Nutrition and Disease – Interview with Professor Don Huber – Part 1

I recently attended a one-day presentation in Toowoomba by Professor Don Huber. A capacity crowd was treated to memorable sharing. This remarkable microbiologist delivered a compelling summary of his lifetime study of minerals and microbes and their interrelationships. He also shared details of his research related to the herbicide, glyphosate. The room was often left in stunned silence in recognition of the enormity of his findings. After a long hard day, Don graciously agreed to a comprehensive interview – here is part one of that conversation.


Graeme: Thank you for agreeing to this interview. You have just had a full day on stage and a full evening answering questions over dinner. Now, at 10 pm in the evening, you have agreed to talk with me for a couple of hours. Your energy at 82 years of age is inspirational – in fact, you have just become my new hero. I have now decided that my new goal is to peak in my eighties. Do you have a secret to share that has enabled you to sustain such energy and mental agility?

Don: Actually, I am not yet back to my best. I am still recovering from a very suspicious “accident” where I was hit by a truck while helping to pull a car from a drain with my tractor. The truck disappeared and the driver I was helping to rescue gave false names and addresses to the police. I was left with a broken back and many other injuries and it has been a long recovery process.

Graeme: I guess you have trodden on many toes with your unrelenting search for the truth. I know that I was one of many in the room today who vowed to eat more organic food when we understood the scale of the glyphosate toxicity issue. Many of us shuddered when recognising the vast contamination of our food chain. Do you try to eat organic food?

Don: We have always had our own vegetable garden and much of our food comes from that, and of course it is all organic and well mineralised. I also believe that bread makes a big difference because it is such a big component of most diets. We grow our own, non-hybridised wheat, which is stone ground immediately before baking. It is a very old variety with over 18% protein and a wonderful nutty flavour. It is so different to the current commercial grains.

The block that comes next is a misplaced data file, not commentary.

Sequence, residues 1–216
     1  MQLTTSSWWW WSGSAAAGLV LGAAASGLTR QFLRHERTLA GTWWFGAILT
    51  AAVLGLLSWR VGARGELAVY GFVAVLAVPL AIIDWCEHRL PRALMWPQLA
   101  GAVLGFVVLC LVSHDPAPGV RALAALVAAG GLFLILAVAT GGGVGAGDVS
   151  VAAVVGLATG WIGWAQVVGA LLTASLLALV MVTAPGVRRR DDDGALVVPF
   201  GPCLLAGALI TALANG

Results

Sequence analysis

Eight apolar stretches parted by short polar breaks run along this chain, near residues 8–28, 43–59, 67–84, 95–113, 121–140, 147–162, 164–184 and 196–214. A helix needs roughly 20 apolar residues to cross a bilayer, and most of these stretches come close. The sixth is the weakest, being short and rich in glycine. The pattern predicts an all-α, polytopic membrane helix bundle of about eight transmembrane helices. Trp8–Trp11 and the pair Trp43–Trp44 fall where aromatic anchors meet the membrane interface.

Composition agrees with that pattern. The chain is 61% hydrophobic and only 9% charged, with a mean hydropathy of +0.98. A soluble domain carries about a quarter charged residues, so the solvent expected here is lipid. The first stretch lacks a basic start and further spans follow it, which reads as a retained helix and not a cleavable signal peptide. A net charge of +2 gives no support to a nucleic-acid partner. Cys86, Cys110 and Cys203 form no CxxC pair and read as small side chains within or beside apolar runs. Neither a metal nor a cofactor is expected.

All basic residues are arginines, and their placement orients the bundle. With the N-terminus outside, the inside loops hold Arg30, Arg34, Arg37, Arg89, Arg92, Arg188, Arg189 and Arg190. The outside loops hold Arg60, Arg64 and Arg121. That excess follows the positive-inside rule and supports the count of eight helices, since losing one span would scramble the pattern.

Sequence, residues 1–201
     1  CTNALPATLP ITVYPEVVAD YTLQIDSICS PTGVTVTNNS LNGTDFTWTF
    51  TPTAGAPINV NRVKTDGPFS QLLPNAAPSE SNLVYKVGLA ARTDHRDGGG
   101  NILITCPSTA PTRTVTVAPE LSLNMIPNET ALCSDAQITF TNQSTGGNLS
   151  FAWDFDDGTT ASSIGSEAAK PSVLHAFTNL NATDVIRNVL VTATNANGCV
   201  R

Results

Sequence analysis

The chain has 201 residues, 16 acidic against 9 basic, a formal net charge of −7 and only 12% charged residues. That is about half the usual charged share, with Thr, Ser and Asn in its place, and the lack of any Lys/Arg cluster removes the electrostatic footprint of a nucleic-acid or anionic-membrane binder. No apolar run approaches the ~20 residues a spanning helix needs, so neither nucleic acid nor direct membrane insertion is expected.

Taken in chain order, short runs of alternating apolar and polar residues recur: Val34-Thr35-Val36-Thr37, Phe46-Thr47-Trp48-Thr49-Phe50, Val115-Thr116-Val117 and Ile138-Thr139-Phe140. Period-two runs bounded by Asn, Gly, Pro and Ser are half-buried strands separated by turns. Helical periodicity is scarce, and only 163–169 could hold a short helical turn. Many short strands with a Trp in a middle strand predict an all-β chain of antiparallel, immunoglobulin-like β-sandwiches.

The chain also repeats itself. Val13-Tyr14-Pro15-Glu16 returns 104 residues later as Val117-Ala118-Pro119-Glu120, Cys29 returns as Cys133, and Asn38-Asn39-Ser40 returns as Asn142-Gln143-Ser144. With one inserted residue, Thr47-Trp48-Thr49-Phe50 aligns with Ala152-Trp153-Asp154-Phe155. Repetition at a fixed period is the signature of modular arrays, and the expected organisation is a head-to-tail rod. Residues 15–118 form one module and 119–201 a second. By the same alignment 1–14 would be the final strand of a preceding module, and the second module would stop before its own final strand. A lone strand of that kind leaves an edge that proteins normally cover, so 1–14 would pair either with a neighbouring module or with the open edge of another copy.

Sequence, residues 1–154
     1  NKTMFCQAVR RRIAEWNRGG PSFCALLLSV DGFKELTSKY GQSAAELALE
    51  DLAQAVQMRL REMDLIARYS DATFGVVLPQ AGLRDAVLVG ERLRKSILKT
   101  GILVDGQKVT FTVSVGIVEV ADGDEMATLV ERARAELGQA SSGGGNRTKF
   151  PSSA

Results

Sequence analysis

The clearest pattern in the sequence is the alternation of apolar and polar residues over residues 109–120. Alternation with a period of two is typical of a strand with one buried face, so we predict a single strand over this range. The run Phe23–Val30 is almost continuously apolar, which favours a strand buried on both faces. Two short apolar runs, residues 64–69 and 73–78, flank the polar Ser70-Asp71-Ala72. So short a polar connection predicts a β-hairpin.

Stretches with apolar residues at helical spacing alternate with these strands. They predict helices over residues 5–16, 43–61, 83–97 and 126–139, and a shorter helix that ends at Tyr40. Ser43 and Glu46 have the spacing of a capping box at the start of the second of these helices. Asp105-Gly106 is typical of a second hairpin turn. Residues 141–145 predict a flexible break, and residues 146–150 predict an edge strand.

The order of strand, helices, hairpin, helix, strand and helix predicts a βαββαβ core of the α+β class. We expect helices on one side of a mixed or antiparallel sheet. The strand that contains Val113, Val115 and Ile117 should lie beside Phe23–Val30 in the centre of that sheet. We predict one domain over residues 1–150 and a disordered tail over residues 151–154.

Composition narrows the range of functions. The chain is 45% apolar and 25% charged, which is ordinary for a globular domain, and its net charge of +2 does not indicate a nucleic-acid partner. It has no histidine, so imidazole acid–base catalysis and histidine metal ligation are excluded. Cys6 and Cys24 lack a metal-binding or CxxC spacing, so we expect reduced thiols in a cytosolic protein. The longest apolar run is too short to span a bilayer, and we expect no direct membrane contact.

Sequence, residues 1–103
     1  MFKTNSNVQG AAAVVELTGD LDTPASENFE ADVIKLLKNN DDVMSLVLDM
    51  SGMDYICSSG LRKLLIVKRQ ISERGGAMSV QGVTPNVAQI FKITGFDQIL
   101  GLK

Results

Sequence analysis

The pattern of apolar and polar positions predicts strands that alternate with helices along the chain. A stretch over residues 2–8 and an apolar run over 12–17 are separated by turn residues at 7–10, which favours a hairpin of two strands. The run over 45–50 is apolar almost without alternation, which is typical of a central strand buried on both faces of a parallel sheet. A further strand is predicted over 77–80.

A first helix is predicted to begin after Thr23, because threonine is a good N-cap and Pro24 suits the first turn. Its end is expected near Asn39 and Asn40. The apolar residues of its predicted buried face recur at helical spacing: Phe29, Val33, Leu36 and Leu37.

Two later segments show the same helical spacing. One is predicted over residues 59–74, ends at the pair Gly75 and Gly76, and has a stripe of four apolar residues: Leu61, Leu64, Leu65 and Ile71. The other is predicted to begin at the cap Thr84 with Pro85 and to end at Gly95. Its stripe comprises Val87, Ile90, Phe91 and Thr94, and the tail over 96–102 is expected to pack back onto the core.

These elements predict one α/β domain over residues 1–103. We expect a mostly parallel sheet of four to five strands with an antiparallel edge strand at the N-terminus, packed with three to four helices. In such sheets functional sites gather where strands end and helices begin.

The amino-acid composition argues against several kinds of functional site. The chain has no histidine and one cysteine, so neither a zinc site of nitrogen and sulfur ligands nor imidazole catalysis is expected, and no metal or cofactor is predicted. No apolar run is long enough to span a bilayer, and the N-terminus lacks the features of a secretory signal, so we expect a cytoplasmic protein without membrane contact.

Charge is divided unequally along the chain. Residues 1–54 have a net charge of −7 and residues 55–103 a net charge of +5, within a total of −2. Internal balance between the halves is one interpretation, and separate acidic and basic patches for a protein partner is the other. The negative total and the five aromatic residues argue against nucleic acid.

Graeme: I don’t think most people are aware of some of the issues with the green revolution grain. Norman Borlaug won his nobel prize for irradiating wheat to fast-track the hybridisation process. He delivered a more squat plant which was much less prone to lodging, but at what cost? The mutant that became our daily bread is much less capable of nutrient uptake and this has compromised the health of many. It is one of the reasons I would rather have an ancient grain like spelt, which is alkalising and much more nutrient-dense. Your open-pollinated wheat sounds like a great choice. What was the name of the variety?

Don: It is an old non-hybridised variety called Ridit. My wife can start off with some of this grain and within 8 minutes she can have eight loaves of bread ready to rise and bake.

Graeme: My mouth is watering. The smell of freshly baked bread is second only to the sweet smell of a healthy soil. I had better ask some of my soil questions now. You are a much accomplished microbiologist and you have become involved in a legendary David and Goliath battle against the large multinationals driving GMO technology. However, it has been your work with plant nutrition that has seriously impacted my life. One of the books for which you were responsible, Mineral Nutrition and Plant Disease, has been something of a bible for me over the years. You have linked mineral balance and nutrient mismanagement to many of the most destructive crop diseases. I was interested to hear that, in one meta-analysis of many studies, you found that nitrogen excesses were shown to increase disease in 233 cases, while improved nitrogen management was linked to reduced disease in 120 cases. I am interested to know which of the two nitrogen forms was most likely to cause trouble – nitrate nitrogen or ammonium nitrogen?